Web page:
Hundreds Of Reindeer Starve To Death On Arctic Islands Due To Climate Change


Tom Hale

Senior Journalist

clockJul 30 2019, 13:07 UTC

Stock image of reindeer skeleton on the Svalbard archipelago in Norway. Premysl/Shutterstocks

The rugged Norwegian archipelago of Svalbard is littered with the carcasses of at least 200 reindeer who have starved to death. The reason behind this freak die-off, researchers say, is the planet's mounting climate crisis. 

Ecologists at the Norwegian Polar Institute have carried out a census of Svalbard’s reindeer population every year since 1978 when reindeer were reintroduced to the Brøggerhalvøya peninsula. Their latest survey has found the biggest drop in numbers seen yet. 


Along with finding hundreds of dead bodies during their survey, the researchers noticed that many calves were underweight and undernourished.

The Norwegian Polar Institute used data to show that milder winters led to dramatically heavier rainfall over the islands that make up Svalbard. The rainwater settles on the tundra causing the ground to become icy and tough to penetrate. As a result, it is difficult for the reindeer to feed on vegetation.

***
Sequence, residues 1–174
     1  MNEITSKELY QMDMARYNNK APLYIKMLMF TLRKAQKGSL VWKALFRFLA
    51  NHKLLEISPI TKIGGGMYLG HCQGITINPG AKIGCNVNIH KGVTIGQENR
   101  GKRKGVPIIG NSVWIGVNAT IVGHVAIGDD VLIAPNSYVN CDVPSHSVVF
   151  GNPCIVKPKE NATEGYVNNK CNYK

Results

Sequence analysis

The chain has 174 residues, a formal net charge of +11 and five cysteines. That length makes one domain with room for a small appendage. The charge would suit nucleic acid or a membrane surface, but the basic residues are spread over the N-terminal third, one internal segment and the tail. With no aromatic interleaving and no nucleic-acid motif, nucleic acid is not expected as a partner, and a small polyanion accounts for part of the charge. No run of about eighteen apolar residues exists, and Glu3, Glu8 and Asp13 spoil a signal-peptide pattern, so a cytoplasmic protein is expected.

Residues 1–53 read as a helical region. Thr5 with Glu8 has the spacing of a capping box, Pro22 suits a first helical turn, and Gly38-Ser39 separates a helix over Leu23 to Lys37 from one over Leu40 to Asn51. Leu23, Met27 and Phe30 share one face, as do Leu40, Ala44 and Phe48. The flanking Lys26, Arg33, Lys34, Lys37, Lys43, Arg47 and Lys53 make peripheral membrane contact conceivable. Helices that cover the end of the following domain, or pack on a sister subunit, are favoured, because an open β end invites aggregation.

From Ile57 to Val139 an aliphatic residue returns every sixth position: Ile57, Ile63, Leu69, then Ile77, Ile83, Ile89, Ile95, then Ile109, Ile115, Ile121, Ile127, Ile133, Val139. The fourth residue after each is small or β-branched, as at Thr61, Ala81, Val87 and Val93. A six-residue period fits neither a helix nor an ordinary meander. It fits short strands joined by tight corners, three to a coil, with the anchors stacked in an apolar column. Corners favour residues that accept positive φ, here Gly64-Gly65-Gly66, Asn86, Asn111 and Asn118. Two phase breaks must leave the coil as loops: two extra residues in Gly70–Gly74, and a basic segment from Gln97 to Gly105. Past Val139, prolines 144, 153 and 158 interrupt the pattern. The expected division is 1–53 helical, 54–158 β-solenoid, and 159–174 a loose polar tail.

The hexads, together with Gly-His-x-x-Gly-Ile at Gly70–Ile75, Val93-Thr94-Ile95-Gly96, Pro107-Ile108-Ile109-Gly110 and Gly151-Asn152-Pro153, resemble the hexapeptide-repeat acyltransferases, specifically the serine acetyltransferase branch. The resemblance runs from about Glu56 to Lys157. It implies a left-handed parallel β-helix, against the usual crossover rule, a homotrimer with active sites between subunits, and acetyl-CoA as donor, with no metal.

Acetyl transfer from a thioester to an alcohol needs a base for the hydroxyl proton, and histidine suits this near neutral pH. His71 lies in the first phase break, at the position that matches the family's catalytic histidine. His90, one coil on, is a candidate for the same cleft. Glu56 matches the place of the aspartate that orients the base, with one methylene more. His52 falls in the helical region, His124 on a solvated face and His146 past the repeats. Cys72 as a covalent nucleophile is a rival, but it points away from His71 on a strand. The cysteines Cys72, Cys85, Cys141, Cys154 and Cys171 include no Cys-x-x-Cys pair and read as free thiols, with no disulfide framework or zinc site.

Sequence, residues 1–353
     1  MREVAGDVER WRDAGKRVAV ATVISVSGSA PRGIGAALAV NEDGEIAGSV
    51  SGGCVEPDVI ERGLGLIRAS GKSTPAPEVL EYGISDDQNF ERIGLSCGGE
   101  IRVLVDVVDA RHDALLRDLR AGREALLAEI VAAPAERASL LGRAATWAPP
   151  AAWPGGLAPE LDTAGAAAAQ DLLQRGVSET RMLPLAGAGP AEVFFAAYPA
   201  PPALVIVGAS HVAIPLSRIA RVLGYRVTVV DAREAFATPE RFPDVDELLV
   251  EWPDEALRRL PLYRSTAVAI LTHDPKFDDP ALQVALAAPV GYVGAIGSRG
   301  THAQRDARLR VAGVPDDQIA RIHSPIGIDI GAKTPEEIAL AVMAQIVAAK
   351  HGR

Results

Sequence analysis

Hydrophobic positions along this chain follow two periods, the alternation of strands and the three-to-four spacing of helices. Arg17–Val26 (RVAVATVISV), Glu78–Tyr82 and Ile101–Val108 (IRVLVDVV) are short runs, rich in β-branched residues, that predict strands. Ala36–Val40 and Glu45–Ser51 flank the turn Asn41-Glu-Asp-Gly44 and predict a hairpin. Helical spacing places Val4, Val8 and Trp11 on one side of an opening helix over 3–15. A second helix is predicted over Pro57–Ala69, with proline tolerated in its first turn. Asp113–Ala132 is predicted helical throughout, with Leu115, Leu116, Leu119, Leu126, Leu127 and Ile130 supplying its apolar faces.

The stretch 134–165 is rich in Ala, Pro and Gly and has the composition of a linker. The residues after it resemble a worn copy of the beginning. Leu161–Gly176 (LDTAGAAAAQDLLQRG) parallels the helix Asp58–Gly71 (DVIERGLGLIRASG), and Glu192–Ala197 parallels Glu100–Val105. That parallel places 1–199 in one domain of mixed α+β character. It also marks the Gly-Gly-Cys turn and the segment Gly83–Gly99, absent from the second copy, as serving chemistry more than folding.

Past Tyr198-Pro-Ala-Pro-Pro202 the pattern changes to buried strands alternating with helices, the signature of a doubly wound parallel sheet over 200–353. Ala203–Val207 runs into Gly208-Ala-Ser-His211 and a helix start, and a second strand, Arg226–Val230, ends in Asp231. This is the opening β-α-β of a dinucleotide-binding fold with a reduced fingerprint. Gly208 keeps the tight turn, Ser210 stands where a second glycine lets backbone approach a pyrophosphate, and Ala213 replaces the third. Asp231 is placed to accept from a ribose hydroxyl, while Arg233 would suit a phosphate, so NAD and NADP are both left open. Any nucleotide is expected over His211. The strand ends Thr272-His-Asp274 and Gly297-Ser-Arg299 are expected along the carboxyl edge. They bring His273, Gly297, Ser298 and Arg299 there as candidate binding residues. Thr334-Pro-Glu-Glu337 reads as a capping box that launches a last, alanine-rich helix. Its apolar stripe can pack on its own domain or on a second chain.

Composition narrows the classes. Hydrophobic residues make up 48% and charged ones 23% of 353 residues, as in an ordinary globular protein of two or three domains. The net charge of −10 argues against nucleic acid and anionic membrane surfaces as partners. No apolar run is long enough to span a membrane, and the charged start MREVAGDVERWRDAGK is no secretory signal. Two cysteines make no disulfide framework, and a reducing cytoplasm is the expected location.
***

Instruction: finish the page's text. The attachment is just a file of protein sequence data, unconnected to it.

“The reindeer graze all over Svalbard, and in winter they dig up food from the tundra. They can dig through snow, but not ice,” Åshild Ønvik Pedersen explained to NRK, Norway’s national broadcaster. 

“It is scary to find so many dead animals. This is a terrifying example of how climate change affects nature. It's just sad,” he added.


Some of the reindeer, however, have adapted their behavior to confront the new challenges. For example, researchers observed that herds in Brøggerhalvøya have started grazing the shoreline, consuming seaweed and kelp, and higher-lying steep mountains.

The Arctic is feeling the sting of climate change more immediately and severely than anywhere else on the planet. According to the NOAA, surface air temperatures in the Arctic are warming at a rate twice as fast as warming across the rest of the planet. Svalbard is especially vulnerable to these changes. The archipelago’s largest settlement, Longyearbyen, is said to be the fastest-warming town on Earth. 

This is all the more worrying because what happens in the Arctic doesn't stay in the Arctic. As the area warms up and its ice melts, it loses its ability to reflect the Sun's heat, thereby warming the climate even further. The melting polar ice caps also lead to rising sea temperatures, which will cause catastrophic damage to human settlements and infrastructure in turn. 

This is before we even consider how these turbulent changes will affect biodiversity and the people who depend upon these living resources. Most scientists agree that we are on the brink of Earth's sixth mass extinction event. A number of factors are driving this trend, although almost all are related to human activity, such as deforestation, poaching, pollution, loss of habitat, and climate change.